When I read business related books and find valuable information I will underline key thoughts and fold over a corner of the book, I just counted 18 pages where I folded over the corner!   I am sure you will find key idea’s to improve your level of performance as well. Buy this book.

Ken Thoreson “operationalizes” sales management systems and processes that pull revenue out of the doldrums into the fresh zone. During the past 16 years, our consulting, advisory, and platform services have illuminated, motivated, and rejuvenated the sales efforts for organizations throughout the world.

He was recently ranked for the third year in a row by Top Sales World magazine as one of the Top 50 Sales & Marketing Influencers for 2014.

Ken has written 5 books, his latest book is: SLAMMED! for First Time Sales Managers, Ken provides Keynotes, consulting services and products designed to improve business performance.

Ken@AcumenMgmt.com  www.AcumenManagement.com

Blog: www.YourSalesManagementGuru.com

Sales Leadership: You are the Practice Squad

September 2nd, 2014

Sales Leadership: You are the Practice Squad

On every football team you have the team of starters and you have a practice squad, their job is to represent what the competitions offense or defense game plan or playbook might look like. Each week the starters practice against these players to gain a better perspective of what the real competitor will do during the game with the objective improving their odds of winning.  As a sales leader it is your job to ensure your team is prepared not only for each sales call but for unexpected situations that might arise at any time during the sales process.  You are a critical success factor and to improve the professionalism of your team you must build a practice squad mentality.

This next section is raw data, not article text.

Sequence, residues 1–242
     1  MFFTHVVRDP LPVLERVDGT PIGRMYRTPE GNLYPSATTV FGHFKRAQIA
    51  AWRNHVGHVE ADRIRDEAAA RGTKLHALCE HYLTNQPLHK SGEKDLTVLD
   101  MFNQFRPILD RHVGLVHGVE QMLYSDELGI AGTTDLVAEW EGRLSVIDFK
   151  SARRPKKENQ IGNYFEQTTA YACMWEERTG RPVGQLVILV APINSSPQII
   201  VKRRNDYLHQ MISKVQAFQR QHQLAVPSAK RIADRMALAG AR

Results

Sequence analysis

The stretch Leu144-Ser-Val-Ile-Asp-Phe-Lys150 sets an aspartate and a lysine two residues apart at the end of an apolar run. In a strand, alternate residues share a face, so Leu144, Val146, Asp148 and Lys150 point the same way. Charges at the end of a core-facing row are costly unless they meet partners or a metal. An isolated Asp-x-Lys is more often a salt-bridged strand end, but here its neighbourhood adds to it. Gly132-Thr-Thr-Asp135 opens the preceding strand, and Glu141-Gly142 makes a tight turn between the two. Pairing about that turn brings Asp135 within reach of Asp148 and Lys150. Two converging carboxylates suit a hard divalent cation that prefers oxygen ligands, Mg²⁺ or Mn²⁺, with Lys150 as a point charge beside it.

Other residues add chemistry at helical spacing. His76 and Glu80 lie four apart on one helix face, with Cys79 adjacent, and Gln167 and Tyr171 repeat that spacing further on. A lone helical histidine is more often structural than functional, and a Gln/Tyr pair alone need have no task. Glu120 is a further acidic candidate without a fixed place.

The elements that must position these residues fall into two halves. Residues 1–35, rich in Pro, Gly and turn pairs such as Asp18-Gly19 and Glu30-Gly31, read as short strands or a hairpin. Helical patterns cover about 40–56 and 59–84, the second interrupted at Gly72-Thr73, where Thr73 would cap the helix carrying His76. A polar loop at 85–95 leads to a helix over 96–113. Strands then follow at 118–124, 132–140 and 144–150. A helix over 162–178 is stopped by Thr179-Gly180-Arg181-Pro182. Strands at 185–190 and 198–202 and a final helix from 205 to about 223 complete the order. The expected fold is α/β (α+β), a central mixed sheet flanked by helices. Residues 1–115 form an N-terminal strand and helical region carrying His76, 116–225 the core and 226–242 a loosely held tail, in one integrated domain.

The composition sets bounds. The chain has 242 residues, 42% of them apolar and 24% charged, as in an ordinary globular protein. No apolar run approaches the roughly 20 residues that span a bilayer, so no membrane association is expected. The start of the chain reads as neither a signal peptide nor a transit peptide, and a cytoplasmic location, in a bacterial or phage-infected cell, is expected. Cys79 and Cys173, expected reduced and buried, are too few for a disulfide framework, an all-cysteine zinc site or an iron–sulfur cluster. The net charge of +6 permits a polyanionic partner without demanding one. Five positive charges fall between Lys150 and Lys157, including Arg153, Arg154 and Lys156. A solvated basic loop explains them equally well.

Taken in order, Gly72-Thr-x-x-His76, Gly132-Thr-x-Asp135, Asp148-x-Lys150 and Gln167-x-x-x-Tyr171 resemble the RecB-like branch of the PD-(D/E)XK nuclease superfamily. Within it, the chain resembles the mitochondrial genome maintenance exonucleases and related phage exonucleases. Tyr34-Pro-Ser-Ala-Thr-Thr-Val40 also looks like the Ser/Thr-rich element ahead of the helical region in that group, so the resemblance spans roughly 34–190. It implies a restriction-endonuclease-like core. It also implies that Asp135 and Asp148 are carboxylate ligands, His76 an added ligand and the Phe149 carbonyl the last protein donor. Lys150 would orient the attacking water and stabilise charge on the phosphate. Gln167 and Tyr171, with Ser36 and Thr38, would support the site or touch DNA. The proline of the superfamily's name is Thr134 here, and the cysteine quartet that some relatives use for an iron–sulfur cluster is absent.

I have often stated that I don’t see enough role playing during sales training meetings, role playing must be a cornerstone during your monthly training programs.   One of the best ways to teach:  skill building, strategy development and presentation skills is the use of a Case Study.

The case study allows multiple salespeople to work together on a project basis and compete against other members of your team.   We recently completed a large project for a major technology company where we built a sales framework that changes the approach of the salesperson and alters their traditional relationship with their clients.  One of methodologies we employed to ensure we could validate the understanding of the framework and use of the sales tools was a Case Study exercise.  I want to review the process simply to encourage you to build this kind of learning experience into your training programs.

The following were the components of that case study:

  • A detailed description of the firm and its go to market strategy
  • A description of 7 potential players, titles, years employed
  • A limited description of the existing technology
  • An overview of the Industry this company competed in
  • Limited financial objectives
  • Miscellaneous information, some distracting, some valid

The salesperson or team could make two sales calls, the first with one person, and then a second call with two other members of the company. Each call was between 10-15 minutes, this could vary based upon the number of salespeople in your organization.   There were Pre-Call Planning tools and a set of Sales Discovery Guides and worksheets designed to summarize their findings.